Abstract:We extend a previous framework for designing differentially private (DP) mechanisms via randomized graph colorings that was restricted to binary functions, corresponding to colorings in a graph, to multi-valued functions. As before, datasets are nodes in the graph and any two neighboring datasets are connected by an edge. In our setting, we assume each dataset has a preferential ordering for the possible outputs of the mechanism, which we refer to as a rainbow. Different rainbows partition the graph of datasets into different regions. We show that when the DP mechanism is pre-specified at the boundary of such regions, at most one optimal mechanism can exist. Moreover, if the mechanism is to behave identically for all same-rainbow boundary datasets, the problem can be greatly simplified and solved by means of a morphism to a line graph. We then show closed form expressions for the line graph in the case of ternary functions. Treatment of ternary queries in this paper displays enough richness to be extended to higher-dimensional query spaces with preferential query ordering, but the optimality proof does not seem to follow directly from the ternary proof.

Via

Authors:Adam Yala, Victor Quach, Homa Esfahanizadeh, Rafael G. L. D'Oliveira, Ken R. Duffy, Muriel Médard, Tommi S. Jaakkola, Regina Barzilay

Figures and Tables:

Abstract:Balancing privacy and predictive utility remains a central challenge for machine learning in healthcare. In this paper, we develop Syfer, a neural obfuscation method to protect against re-identification attacks. Syfer composes trained layers with random neural networks to encode the original data (e.g. X-rays) while maintaining the ability to predict diagnoses from the encoded data. The randomness in the encoder acts as the private key for the data owner. We quantify privacy as the number of attacker guesses required to re-identify a single image (guesswork). We propose a contrastive learning algorithm to estimate guesswork. We show empirically that differentially private methods, such as DP-Image, obtain privacy at a significant loss of utility. In contrast, Syfer achieves strong privacy while preserving utility. For example, X-ray classifiers built with DP-image, Syfer, and original data achieve average AUCs of 0.53, 0.78, and 0.86, respectively.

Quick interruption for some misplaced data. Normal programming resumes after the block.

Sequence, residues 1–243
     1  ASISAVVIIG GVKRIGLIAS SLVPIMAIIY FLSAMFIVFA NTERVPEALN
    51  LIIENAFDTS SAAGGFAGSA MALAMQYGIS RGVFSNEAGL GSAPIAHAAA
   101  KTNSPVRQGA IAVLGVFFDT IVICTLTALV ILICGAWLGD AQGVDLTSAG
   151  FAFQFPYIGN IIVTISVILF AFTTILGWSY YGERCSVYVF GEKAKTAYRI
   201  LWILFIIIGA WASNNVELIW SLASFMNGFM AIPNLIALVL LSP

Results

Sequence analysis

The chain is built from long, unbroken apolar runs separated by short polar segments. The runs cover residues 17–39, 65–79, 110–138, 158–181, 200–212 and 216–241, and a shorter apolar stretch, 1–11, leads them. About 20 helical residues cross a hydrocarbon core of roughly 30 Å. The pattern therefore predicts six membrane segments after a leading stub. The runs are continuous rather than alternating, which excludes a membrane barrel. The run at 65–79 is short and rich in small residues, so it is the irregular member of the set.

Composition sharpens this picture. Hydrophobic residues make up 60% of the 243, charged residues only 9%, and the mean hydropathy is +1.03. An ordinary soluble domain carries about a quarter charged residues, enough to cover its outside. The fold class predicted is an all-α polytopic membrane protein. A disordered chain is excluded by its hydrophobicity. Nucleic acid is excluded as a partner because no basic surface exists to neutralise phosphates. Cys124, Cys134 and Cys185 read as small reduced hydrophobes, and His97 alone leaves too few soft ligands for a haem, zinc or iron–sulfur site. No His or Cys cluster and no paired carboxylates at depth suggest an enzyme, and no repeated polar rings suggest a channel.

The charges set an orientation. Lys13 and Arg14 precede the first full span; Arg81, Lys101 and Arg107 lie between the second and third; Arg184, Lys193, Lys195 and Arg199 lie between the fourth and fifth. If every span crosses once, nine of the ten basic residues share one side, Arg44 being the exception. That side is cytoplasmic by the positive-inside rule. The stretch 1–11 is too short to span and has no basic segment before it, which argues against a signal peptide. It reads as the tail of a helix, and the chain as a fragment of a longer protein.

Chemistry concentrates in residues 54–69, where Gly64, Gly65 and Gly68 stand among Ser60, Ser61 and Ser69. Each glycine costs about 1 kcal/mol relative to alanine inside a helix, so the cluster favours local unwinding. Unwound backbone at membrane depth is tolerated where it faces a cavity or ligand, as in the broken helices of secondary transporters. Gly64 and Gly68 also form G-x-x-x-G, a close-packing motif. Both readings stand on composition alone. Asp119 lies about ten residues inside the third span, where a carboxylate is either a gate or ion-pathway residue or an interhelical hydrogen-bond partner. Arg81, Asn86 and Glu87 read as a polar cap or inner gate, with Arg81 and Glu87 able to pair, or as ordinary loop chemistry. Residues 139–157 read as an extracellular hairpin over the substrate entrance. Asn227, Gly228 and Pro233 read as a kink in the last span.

Via

Figures and Tables:

Abstract:Overlapping clusters are common in models of many practical data-segmentation applications. Suppose we are given $n$ elements to be clustered into $k$ possibly overlapping clusters, and an oracle that can interactively answer queries of the form "do elements $u$ and $v$ belong to the same cluster?" The goal is to recover the clusters with minimum number of such queries. This problem has been of recent interest for the case of disjoint clusters. In this paper, we look at the more practical scenario of overlapping clusters, and provide upper bounds (with algorithms) on the sufficient number of queries. We provide algorithmic results under both arbitrary (worst-case) and statistical modeling assumptions. Our algorithms are parameter free, efficient, and work in the presence of random noise. We also derive information-theoretic lower bounds on the number of queries needed, proving that our algorithms are order optimal. Finally, we test our algorithms over both synthetic and real-world data, showing their practicality and effectiveness.

Via

Figures and Tables:

Abstract:We study the central problem in data privacy: how to share data with an analyst while providing both privacy and utility guarantees to the user that owns the data. In this setting, we present an estimation-theoretic analysis of the privacy-utility trade-off (PUT). Here, an analyst is allowed to reconstruct (in a mean-squared error sense) certain functions of the data (utility), while other private functions should not be reconstructed with distortion below a certain threshold (privacy). We demonstrate how $\chi^2$-information captures the fundamental PUT in this case and provide bounds for the best PUT. We propose a convex program to compute privacy-assuring mappings when the functions to be disclosed and hidden are known a priori and the data distribution is known. We derive lower bounds on the minimum mean-squared error of estimating a target function from the disclosed data and evaluate the robustness of our approach when an empirical distribution is used to compute the privacy-assuring mappings instead of the true data distribution. We illustrate the proposed approach through two numerical experiments.

Via

Figures and Tables:

Abstract:A latent space model for a family of random graphs assigns real-valued vectors to nodes of the graph such that edge probabilities are determined by latent positions. Latent space models provide a natural statistical framework for graph visualizing and clustering. A latent space model of particular interest is the Random Dot Product Graph (RDPG), which can be fit using an efficient spectral method; however, this method is based on a heuristic that can fail, even in simple cases. Here, we consider a closely related latent space model, the Logistic RDPG, which uses a logistic link function to map from latent positions to edge likelihoods. Over this model, we show that asymptotically exact maximum likelihood inference of latent position vectors can be achieved using an efficient spectral method. Our method involves computing top eigenvectors of a normalized adjacency matrix and scaling eigenvectors using a regression step. The novel regression scaling step is an essential part of the proposed method. In simulations, we show that our proposed method is more accurate and more robust than common practices. We also show the effectiveness of our approach over standard real networks of the karate club and political blogs.

Via